A shortish, miserable-looking man with a square moustache strutted into the room, his face non-committal, his uniform vaguely operatic. He had come to see what he had got for his money.
He stopped in front of the silver racing car and scowled. A man in a business suit described the car to the poker-faced despot, while his entourage stood a respectful distance away in their Sunday best. Adolf Hitler stared dolefully at the new Mercedes-Benz W 25 and wondered if it would do the trick.
Standing to the Führer’s right on that wet January day in 1934, relishing the propaganda potential of the Nazis’ involvement in such a high-profile sport, was the cunning Dr. Joseph Goebbles, the Nazi party mouthpiece and propaganda minister. He would exhort his minions to spur on the motor racing branch of his brainwashing empire, because the campaign had to be successful and had to promote Nazi invincibility to a world already deeply concerned about the ambitions of the fanatics now in charge of Germany and its fast-growing war machine.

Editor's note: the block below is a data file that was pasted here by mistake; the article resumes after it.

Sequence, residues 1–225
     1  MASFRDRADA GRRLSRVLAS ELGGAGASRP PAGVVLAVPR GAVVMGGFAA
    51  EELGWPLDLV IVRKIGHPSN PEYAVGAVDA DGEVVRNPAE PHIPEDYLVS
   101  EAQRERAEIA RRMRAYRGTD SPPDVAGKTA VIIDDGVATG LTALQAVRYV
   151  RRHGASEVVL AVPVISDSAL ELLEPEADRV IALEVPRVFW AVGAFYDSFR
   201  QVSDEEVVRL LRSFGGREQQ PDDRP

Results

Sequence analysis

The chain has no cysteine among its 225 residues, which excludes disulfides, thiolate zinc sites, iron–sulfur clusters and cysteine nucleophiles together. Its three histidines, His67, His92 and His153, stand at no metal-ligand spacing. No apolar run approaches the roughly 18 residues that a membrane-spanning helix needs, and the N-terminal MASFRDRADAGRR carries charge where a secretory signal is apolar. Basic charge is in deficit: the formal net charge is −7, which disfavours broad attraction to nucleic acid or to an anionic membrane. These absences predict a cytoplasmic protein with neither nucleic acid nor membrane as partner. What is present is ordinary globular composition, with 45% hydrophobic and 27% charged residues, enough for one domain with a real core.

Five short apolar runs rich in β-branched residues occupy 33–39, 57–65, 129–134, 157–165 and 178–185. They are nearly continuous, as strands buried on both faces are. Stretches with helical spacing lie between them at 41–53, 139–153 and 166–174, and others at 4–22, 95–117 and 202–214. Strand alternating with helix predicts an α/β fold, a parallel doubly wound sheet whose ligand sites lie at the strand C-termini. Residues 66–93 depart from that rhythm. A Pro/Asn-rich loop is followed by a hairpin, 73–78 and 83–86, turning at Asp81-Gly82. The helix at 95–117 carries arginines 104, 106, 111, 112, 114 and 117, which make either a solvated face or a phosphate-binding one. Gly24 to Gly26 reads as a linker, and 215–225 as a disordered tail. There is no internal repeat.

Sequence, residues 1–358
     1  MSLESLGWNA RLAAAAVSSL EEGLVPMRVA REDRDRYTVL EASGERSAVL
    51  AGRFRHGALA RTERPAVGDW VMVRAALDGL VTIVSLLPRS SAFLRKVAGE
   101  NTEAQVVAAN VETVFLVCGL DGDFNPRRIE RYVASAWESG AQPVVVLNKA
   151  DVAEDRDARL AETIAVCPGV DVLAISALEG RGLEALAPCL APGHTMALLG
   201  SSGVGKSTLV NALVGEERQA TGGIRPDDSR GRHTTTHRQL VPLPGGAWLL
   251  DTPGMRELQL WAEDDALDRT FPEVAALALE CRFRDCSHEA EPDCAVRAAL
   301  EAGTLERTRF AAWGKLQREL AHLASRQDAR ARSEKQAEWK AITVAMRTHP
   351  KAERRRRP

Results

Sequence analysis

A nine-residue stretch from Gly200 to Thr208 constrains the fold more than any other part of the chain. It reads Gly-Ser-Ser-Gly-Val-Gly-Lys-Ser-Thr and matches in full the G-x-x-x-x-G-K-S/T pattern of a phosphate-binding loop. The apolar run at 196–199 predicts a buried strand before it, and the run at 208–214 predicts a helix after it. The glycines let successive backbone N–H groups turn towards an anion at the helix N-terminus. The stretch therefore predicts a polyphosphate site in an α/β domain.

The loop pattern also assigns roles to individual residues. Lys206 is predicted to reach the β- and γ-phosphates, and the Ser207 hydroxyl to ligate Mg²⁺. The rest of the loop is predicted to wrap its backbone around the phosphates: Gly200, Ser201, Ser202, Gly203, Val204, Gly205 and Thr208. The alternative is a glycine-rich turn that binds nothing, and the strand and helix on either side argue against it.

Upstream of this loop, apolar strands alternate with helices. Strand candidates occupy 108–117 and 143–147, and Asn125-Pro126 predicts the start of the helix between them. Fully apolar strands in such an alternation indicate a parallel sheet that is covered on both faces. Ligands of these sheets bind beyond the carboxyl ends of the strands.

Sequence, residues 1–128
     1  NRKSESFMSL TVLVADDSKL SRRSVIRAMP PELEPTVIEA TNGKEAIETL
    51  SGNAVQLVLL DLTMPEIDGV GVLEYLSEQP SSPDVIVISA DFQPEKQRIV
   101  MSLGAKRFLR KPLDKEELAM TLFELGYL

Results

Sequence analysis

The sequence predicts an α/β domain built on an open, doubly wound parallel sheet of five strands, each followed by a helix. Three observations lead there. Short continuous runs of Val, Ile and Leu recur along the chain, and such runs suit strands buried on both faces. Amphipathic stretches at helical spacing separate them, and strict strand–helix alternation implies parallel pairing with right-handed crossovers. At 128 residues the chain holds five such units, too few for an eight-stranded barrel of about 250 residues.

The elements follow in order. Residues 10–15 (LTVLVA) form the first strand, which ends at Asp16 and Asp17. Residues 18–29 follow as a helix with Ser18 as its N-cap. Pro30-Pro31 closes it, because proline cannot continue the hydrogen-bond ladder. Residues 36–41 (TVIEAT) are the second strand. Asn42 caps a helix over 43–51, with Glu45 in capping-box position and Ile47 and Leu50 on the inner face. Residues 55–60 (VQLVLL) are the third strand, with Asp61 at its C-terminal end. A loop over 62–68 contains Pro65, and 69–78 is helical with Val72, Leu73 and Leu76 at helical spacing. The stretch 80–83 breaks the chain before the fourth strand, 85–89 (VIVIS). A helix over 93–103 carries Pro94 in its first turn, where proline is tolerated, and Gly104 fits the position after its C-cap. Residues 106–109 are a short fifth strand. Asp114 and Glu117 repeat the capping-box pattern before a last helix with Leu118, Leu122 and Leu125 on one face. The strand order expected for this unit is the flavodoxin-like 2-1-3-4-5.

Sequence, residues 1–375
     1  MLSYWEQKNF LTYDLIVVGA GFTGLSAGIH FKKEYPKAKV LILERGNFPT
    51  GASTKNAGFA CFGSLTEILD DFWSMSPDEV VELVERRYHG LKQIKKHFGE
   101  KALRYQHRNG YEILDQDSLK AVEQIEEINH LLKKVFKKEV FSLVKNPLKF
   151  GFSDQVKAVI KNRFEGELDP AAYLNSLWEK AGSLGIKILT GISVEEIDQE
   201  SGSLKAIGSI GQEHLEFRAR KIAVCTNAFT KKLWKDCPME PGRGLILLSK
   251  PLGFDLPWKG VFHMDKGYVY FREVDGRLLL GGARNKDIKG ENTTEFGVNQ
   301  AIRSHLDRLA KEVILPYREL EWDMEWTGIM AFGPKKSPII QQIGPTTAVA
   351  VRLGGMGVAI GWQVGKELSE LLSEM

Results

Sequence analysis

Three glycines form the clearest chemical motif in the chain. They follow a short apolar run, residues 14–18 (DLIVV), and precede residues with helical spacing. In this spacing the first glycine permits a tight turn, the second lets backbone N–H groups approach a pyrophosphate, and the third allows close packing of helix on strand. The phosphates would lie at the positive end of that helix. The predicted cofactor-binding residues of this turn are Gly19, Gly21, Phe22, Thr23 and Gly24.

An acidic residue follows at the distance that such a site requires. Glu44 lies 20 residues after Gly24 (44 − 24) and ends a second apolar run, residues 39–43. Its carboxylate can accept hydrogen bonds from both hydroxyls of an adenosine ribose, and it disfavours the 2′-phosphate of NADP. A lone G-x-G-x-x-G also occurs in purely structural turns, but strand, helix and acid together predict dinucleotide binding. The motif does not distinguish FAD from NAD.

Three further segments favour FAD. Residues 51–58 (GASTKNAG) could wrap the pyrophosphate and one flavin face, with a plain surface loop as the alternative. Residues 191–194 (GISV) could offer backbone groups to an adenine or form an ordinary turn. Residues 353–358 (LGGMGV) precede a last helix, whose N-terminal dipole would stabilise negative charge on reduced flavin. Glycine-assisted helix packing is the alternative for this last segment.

The entire Grand Prix project came about after Hitler, who was then the freshly elected Chancellor of Germany, went to see the 1933 Avusrennen near Berlin. He was appalled to note that there were no German cars in the first three places, the winner being Italian Achille Varzi in a French Bugatti.
So the Führer let it be known that he wanted new energy pumped into German motorsport. And he wanted victory for the Fatherland. The propaganda value of German technology’s success in the world’s most exciting sport was not difficult to see. But the German car manufacturers groaned and resisted as much as they dared. The depression that had swept Hitler to power was hitting them just as hard as the rest of German industry, so they were reluctant to spend money on an expensive pastime like motor racing.